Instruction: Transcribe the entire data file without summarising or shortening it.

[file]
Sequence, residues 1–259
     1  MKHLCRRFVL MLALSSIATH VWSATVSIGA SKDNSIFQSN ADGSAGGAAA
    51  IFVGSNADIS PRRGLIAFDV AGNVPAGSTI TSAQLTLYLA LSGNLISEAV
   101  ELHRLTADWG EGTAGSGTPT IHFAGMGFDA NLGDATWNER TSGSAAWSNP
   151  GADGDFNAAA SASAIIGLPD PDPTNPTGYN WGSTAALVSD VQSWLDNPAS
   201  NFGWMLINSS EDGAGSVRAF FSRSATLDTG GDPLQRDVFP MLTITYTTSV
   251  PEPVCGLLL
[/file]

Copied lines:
Sequence, residues 1–259
     1  MKHLCRRFVL MLALSSIATH VWSATVSIGA SKDNSIFQSN ADGSAGGAAA
    51  IFVGSNADIS PRRGLIAFDV AGNVPAGSTI TSAQLTLYLA LSGNLISEAV
   101  ELHRLTADWG EGTAGSGTPT IHFAGMGFDA NLGDATWNER TSGSAAWSNP
   151  GADGDFNAAA SASAIIGLPD PDPTNPTGYN WGSTAALVSD VQSWLDNPAS
   201  NFGWMLINSS EDGAGSVRAF FSRSATLDTG GDPLQRDVFP MLTITYTTSV
   251  PEPVCGLLL